Jorrocks' Jaunts and Jollities - The Hunting, Shooting, Racing, Driving, Sailing, Eccentric and Extravagant Exploits.

Jack
 

NSP

LE
The sale of new internal combustion engined (ICE) cars will be banned from 2030 - yes that´s in only nine years time!
I bet it won't be in the face of a public backlash and a complete failure to ensure sufficient infrastructure to charge electric cars.
 
The sale of new internal combustion engined (ICE) cars will be banned from 2030 - yes that´s in only nine years time!

I get my thrills from my motorcycle and I regard cars as just a routine means of taking the missus shopping so I don´t get excited by V8s etc. So I´m leaning towards a plug-in hybrid for my next car (yes I´m aware they will be included in the 2030 ban). I live in a detached house with a garage so no problems recharging. I don´t commute but go to the city about 40km away from time to time and similar length trips to the golf course etc with the odd weekend away (>300km). So a plug in seems to make perfect sense. And it appeals to my inner tree hugger. Anyone else out there thinking of taking the plunge?
When you answer the problems around charging.

1: Last I looked a modern EV releases hydrogen when charging indoors. This can build up and BOOM. Now this isn't an issue in warhouse industry as the problem is well understood and managed, but to roll this out to the general public, and you're asking for trouble. So why not keep them outside?
2: When the temperature drops modern EV's go to trickle charging, meaning you won't have a full charge.

Thus you need a properly ventilated, and sufficiently heated garage for charging. Of course removable battery packs could help with this, but imagine the scenario of wrestling a battery pack out to the car on an icy cold morning. Also one of the most explosive incident's I've seen was when someone tried to change a 30kwh battery on a Reach truck, and sliced the top off it.
Oh then there was the time the guy trying to change the battery dropped it and it fell on its side spilling a puddle of acid everywhere...

Finally look at the average street in a old city centre. Now imagine the sheer number of cables running from house to car, assuming you can park close enough to home. Until someone perfects wireless charging, or installs flat plate chargers (like you can do with phones and watches these days) at the sides of all roads (which then leads to questions about who pays and whose plugging in) then it all breaks down.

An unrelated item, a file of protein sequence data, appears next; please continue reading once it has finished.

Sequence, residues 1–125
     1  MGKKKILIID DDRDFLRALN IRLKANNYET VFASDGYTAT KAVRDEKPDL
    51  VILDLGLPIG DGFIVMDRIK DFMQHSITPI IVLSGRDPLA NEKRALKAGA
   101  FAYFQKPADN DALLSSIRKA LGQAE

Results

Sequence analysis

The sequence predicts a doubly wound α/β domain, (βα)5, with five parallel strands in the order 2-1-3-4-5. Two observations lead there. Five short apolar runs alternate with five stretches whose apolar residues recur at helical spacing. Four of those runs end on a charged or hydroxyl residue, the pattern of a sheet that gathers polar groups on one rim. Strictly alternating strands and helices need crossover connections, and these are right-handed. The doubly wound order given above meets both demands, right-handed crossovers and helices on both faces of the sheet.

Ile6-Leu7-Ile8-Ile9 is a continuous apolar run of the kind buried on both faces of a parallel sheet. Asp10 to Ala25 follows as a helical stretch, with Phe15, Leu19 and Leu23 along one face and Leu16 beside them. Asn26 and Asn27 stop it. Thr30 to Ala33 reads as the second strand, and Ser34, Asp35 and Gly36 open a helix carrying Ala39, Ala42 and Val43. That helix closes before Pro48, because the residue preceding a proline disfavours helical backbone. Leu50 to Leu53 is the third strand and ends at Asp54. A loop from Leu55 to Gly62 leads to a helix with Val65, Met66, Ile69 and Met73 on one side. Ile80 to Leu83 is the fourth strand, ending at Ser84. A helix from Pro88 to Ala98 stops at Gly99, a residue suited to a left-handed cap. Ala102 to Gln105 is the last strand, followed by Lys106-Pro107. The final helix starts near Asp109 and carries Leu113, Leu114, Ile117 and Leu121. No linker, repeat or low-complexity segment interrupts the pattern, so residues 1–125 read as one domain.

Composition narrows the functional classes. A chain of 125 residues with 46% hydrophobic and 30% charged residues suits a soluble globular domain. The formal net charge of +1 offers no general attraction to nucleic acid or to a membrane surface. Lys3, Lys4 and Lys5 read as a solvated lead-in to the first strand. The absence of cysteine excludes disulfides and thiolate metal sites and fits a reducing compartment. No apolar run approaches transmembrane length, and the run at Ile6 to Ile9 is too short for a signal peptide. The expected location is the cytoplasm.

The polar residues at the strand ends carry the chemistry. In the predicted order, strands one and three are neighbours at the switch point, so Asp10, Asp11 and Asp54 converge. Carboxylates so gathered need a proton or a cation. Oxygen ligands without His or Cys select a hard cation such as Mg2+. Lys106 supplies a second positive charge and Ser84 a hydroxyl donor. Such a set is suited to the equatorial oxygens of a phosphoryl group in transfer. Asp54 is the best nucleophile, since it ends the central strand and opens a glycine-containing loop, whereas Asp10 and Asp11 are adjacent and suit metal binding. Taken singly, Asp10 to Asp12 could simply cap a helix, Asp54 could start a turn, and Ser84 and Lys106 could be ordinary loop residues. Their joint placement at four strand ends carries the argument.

NSP

LE
I intend to buy a new ICE car in 2029 and keep it running until I kark it basically. The 'leccy version of my mid-range 208 had a £32k price tag last time I was in the dealers. Mine cost me £11k in 2014 and £20pa tax. I don't have to pay a fortune to have the fuel tank taken out, disposed of and replaced every five years, either.
 
1. Change in the laws of physics so that electrical storage systems achieve energy density parity with hydrocarbon fuels, instead of c.10-15%;

2. Another change in the laws of physics to enable the charging speeds of battery systems to achieve parity with the refuelling speeds of hydrocarbon systems (c.2 minutes);

3. Bountiful harvest #1 from the magic money tree to provide the £100bn's required to provide charging infrastructure;

4. Bountiful harvest #2 from magic money tree to build 50-odd nuclear reactors to provide leccy;

5. Bountiful harvest #3 from magic money tree to create safe, low-cost and environmentally friendly mass industry in battery and motor recycling;

6. Reduction of UK population by 75% in order to free up the parking space outside domestic dwellings required for electrical charging;

7. Reduction of travelling population by 100% to ensure charger cables are still there in the morning.;

oh, and

8. Bountiful harvest #4 from magic money tree for govt to give me the £100k or so required to purchased EVs to replace the two or three ICE vehicles we have.



I don't see a problem with any of this - PM seems full of confidence...
So you’re really excited about buying one soon then?